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Characters and strings in ANSI C

  1. Feb 12, 2010 #1

    AK2

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    I am doing a question (its not home work just an exercise). The following is the question.
    Code (Text):
     Write code that allocates space for an 80-character string and then inputs a string from the keyboard and stores it in the allocated space.
    This is my code.
    Code (Text):
    #include <stdio.h>
    #include <stdlib.h>
    char *ptr, *p;
    main()
         {
           ptr = malloc(81);
           p = ptr;
           printf("Enter some text");
           gets("p");
           printf("You entered : %s", *ptr);
           return 0;
         }  
         
    I run it using Dev C++ development ide wich uses the GNU C compiler.
    The code compiled. It didnt run and it gave an error message. This is frustrating. If possible can someone explain gets() function and malloc function because I'm not really understanding it from the book i'm using. I understand the basics like what strings are, characters, ASCII code and the like.
     
  2. jcsd
  3. Feb 12, 2010 #2

    D H

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    Staff Emeritus
    Science Advisor

    The problem is the line gets("p"). You are telling the computer to read user input into "p", a const char[2] string rather than the character array p.

    Get rid of the quotes around p.
     
  4. Feb 15, 2010 #3

    AK2

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    I did what you told me about removing the double quotations around p. The code compiles but it does not run.
     
  5. Feb 15, 2010 #4

    jtbell

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    Staff: Mentor

    What exactly do you mean by "does not run?"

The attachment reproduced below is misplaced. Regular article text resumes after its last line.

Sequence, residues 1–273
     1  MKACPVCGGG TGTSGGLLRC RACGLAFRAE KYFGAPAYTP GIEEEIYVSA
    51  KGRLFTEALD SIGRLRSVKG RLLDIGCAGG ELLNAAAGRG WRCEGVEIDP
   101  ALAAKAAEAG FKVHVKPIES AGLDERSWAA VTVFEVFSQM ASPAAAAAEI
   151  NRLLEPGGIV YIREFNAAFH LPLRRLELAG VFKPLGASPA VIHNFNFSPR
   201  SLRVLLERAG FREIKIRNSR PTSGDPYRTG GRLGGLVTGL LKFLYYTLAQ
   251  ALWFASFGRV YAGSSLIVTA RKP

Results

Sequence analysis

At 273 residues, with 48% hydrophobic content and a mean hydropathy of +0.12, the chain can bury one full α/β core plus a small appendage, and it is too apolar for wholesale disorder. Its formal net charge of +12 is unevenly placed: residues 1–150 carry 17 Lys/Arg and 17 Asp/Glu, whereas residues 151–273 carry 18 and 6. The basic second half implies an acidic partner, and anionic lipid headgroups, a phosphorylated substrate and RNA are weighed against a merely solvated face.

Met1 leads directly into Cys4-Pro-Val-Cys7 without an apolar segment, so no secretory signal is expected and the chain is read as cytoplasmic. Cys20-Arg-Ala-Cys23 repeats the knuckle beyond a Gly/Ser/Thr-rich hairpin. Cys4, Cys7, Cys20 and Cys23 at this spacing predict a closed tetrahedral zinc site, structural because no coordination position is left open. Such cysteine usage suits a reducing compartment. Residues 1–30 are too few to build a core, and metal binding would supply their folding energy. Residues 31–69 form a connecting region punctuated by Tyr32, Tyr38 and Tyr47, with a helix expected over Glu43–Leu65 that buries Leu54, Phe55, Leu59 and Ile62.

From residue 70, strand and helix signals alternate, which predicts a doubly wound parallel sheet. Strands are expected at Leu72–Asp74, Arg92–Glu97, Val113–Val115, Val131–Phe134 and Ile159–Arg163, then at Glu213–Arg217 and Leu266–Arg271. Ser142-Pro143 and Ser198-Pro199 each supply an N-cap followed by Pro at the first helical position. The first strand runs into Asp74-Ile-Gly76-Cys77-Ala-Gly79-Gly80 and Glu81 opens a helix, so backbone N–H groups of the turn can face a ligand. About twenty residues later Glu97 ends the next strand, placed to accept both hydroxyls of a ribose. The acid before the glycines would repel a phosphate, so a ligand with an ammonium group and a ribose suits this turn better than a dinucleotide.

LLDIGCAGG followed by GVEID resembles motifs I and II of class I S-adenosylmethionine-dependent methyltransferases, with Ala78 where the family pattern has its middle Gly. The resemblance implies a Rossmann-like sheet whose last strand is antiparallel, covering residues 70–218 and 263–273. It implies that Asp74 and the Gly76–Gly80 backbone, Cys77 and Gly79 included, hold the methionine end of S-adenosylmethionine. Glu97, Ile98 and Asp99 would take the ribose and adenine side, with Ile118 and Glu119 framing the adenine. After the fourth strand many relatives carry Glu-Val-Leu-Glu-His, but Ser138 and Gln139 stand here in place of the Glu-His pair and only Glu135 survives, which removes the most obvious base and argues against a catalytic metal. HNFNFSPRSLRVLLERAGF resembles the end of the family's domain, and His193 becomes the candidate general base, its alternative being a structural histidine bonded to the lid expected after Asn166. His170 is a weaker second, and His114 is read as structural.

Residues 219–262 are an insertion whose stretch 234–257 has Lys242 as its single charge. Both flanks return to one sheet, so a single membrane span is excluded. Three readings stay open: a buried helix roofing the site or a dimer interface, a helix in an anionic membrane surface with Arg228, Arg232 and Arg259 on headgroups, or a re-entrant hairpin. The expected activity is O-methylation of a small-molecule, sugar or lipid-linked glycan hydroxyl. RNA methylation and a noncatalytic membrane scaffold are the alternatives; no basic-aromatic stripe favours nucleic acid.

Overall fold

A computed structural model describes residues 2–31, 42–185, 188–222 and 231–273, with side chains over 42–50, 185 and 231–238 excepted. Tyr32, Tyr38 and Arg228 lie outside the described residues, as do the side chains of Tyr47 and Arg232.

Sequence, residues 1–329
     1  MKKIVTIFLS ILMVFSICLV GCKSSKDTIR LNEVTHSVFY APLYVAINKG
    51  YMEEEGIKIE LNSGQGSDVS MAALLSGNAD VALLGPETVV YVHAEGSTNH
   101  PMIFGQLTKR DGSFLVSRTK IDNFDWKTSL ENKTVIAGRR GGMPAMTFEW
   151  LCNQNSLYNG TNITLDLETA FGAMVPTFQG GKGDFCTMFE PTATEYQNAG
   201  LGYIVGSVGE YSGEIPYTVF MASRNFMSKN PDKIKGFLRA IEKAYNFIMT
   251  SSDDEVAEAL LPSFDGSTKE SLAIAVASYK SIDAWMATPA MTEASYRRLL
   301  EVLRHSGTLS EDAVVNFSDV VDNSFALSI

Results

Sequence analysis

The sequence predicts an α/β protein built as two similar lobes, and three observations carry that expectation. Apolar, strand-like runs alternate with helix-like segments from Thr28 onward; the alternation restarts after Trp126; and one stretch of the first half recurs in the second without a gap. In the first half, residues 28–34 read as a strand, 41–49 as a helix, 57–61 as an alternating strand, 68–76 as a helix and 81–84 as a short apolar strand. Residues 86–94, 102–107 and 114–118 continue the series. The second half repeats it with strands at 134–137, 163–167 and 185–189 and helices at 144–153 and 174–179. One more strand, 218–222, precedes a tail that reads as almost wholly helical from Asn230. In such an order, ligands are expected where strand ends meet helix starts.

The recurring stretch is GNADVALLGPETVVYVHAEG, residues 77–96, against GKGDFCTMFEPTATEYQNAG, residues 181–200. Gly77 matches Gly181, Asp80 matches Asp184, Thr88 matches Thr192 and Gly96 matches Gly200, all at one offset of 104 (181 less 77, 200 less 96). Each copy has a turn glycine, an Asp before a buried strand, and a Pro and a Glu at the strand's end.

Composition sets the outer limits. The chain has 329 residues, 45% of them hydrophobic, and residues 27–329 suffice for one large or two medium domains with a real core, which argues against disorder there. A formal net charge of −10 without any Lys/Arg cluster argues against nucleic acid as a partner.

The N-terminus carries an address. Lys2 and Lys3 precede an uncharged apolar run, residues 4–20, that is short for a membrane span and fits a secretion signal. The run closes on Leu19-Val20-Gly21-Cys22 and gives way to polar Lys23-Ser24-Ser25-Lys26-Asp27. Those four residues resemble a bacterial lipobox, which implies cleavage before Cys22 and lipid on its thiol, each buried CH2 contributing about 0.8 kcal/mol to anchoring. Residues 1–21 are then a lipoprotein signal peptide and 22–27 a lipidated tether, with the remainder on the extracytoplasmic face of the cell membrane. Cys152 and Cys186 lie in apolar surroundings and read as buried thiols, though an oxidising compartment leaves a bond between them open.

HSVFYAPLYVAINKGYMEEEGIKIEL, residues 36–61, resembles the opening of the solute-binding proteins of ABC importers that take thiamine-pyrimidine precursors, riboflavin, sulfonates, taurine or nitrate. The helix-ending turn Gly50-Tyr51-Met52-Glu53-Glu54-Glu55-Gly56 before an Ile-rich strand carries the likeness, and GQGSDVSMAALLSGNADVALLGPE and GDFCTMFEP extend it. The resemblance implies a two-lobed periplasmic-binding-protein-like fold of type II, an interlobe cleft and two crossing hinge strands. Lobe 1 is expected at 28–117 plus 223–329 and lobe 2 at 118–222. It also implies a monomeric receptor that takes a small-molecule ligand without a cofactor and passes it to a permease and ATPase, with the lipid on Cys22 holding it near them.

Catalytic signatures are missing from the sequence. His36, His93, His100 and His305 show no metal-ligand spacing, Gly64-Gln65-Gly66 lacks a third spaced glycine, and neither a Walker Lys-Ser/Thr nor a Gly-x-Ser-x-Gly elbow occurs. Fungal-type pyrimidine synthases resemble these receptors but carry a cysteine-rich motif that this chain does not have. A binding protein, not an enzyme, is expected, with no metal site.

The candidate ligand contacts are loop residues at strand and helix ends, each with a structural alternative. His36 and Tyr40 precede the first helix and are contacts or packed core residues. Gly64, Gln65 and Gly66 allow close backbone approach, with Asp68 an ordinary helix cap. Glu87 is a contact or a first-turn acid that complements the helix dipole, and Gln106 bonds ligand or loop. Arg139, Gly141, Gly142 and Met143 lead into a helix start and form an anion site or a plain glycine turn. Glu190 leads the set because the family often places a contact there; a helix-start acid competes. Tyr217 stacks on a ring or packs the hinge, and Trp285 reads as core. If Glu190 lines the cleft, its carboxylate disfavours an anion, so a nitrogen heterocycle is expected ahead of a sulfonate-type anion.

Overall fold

6. Feb 15, 2010 #5

    D H

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    Staff Emeritus
    Science Advisor

    Two problems remain:
    1. printf("Enter some text");
    2. printf("You entered : %s", *ptr);

    The second item will cause your program to blow up. I'll leave correcting that line as an exercise to the original poster.

    The problem with the first item is a bit more subtle. At this early stage of your programming education, I suggest you add a newline to the end of this prompt: Change this to

    printf("Enter some text\n");

    The problem here is that printf buffers its output. The default, at least in Unix systems, is to line-buffer the output. Printing one character at a time is very expensive in terms of CPU time. Printing a bunch of characters is still expensive, but not much more expensive than printing one character. In line buffering mode, the system stores output until it gets a newline to print, at which point it prints the entire buffered line.

    Suppose you fix the second highlighted line but not the first. The program will run. However, if your system is using line-buffering as the default, the prompt to enter text won't appear until after you enter the text.